In sound-one size does not fit all.
 
Re: Frequency Response/Contour EQ in full range systems.

With the exception of a "bump" down below 100hz (and that varies with the type of system-subs on aux or not-user style of music etc) I prefer to provide as clean a palate as possible for the "artist" (FOH operson) to work with. That mean as flat as possible (phase and amplitude)

In a live situation (not DJ playback-that is a different story), the FOH person will (should anyway) make the adjustments needed for a particular instrument in a particular freq range.
As much as I respect your opinion and knowledge of audio I still think the FOH person should be allowed to mix however he wants without systems people saying THIS is the way you SHOULD do it. As long as he/she isn't breaking anything, right?

For example if the vocals are screaming at 4Khz, then that needs to be reduced in the vocal channel. Not pulled out of the overall PA EQ, becuase other instruments may need that level.
Ah, the real world: What if that screaming vocal is needed in the monitors that are run from FOH and there is no EQ instrted on the vocals buss? FOH dude has to do SOMETHING to not burn the audience's ears - one way is to tame the vocals with the FOH graphic and just add that range with channel strip EQ on the instruments that end up lacking 4 kHz. Just saying that there are several legitimate "roads to salvation" - even if I generally try to mix the way you suggest here.





A live mix is one thing, DJ playback, movie playback etc have different needs in terms of eq that also vary with intended playback level.
It seems to me that if we are using the logic that the sound system response should be flat and the mixerperson is "doing it wrong" if the mix needs a adjusted FOH graphic to sound right, then we are saying that all the major movie studios are "doing it wrong" because their mix doesn't sound right on a flat system. Do you see what I mean?



In sound-one size does not fit all.
Which is what I'm saying also. If it sounds good and doesn't break anything I kinda don't care how the mixerdude got there. :)
 
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Jay Barracato

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Re: Frequency Response/Contour EQ in full range systems.

The funny thing is in my world of small clubs and bars, listening rooms, PACs, and festivals, every system engineer refers to their "preferred" frequency contour as "flat" regardless of the way it measures.
 

Bennett Prescott

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Re: Frequency Response/Contour EQ in full range systems.

The funny thing is in my world of small clubs and bars, listening rooms, PACs, and festivals, every system engineer refers to their "preferred" frequency contour as "flat" regardless of the way it measures.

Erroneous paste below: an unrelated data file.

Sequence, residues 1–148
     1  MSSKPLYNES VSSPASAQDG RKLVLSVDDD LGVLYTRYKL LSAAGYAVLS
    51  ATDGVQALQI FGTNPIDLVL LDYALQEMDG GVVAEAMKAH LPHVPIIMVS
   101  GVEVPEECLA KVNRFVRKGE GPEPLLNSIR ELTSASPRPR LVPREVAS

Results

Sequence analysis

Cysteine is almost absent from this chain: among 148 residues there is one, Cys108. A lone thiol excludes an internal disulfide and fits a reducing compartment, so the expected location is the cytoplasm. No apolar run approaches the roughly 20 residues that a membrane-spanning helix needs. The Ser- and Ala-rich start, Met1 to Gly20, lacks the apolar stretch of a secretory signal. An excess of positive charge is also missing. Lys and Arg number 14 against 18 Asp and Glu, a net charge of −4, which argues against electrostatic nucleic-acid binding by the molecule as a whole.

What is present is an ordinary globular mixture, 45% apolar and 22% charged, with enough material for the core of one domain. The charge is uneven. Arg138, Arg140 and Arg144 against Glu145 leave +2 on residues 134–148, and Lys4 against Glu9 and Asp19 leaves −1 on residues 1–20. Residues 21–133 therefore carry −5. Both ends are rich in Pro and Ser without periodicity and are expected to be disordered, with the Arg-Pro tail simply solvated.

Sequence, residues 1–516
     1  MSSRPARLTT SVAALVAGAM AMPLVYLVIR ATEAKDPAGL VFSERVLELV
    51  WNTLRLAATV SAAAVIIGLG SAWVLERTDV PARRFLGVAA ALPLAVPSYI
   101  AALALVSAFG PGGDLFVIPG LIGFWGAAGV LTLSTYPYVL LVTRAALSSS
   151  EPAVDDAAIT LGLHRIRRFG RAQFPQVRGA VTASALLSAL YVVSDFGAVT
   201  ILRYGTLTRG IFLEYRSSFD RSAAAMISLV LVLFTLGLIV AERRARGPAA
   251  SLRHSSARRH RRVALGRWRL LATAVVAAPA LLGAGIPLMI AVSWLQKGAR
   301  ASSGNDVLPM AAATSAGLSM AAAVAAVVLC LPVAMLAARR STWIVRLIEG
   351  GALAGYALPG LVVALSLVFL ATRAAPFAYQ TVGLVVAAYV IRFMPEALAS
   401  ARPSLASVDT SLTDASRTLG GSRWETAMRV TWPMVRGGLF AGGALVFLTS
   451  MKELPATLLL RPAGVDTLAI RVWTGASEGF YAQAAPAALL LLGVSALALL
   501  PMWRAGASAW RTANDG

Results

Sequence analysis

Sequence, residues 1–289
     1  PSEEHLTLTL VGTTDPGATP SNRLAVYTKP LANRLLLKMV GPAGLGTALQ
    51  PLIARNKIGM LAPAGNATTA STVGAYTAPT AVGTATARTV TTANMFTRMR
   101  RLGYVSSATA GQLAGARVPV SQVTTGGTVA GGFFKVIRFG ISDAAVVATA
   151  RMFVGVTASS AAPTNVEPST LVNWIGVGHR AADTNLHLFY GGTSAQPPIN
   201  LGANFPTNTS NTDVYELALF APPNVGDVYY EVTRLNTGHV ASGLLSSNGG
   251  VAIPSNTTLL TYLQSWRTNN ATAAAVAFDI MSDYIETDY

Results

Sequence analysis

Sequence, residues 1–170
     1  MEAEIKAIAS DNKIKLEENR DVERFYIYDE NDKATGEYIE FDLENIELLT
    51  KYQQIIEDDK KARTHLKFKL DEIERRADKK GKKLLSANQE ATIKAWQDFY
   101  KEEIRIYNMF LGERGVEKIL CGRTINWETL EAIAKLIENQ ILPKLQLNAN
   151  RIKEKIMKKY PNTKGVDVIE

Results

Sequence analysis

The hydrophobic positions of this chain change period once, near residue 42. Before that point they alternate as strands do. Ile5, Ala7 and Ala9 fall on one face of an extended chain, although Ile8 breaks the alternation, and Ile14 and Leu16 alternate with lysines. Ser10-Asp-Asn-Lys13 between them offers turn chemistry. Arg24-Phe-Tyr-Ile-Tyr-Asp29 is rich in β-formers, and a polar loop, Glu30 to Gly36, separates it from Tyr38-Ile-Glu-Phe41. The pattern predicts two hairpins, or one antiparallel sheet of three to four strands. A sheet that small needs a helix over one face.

Jay, in my experience nobody wants to mix on a flat PA. Also in my experience, only measurement folks understand that the PA is not flat. At almost every level of the industry.
 
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Re: Frequency Response/Contour EQ in full range systems.

I have a curve I aim for, its fairly similar to the l'acoustics example and it is "flat" in a way. Its roughly the shape of music. Run all of your favorite tunes through an RTA with really slow averaging, you will see a very common shape that resembles the l'acoustic curve and the curve I use as a guide for tuning concert PA's .
 

Ivan Beaver

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Re: Frequency Response/Contour EQ in full range systems.

I have a curve I aim for, its fairly similar to the l'acoustics example and it is "flat" in a way. Its roughly the shape of music. Run all of your favorite tunes through an RTA with really slow averaging, you will see a very common shape that resembles the l'acoustic curve and the curve I use as a guide for tuning concert PA's .
Let's look at that statement a little bit deeper.

First of all, you are describing the average response of the music that is going INTO the system No argument there at all. But you will find that different styles have some very different relaionships and different producers of the same style will have different relationships-but let's forget that for a little bit

HOWEVER-If you want to HEAR that music the same way-you HAVE to run it through something that does not CHANGE the relative level relationships.

If you run it through a system what has a different response (as you suggest the same level differences) and then measure it AGAIN, you will see that the response that you are hearing no longer has the same "shape" as what went into it. The new "shape" is added to/subtracted from the origional.

Hence my reason for a flat/neutral system.

Altering the response (as you suggest) reminds me of a guy I knew in college who used Marshall amps and 4x12 cabinets for his stereo system. His reason was that is what his favoirte band (Led Zeppelin) used and he wanted it to sound as close to the origional as possible.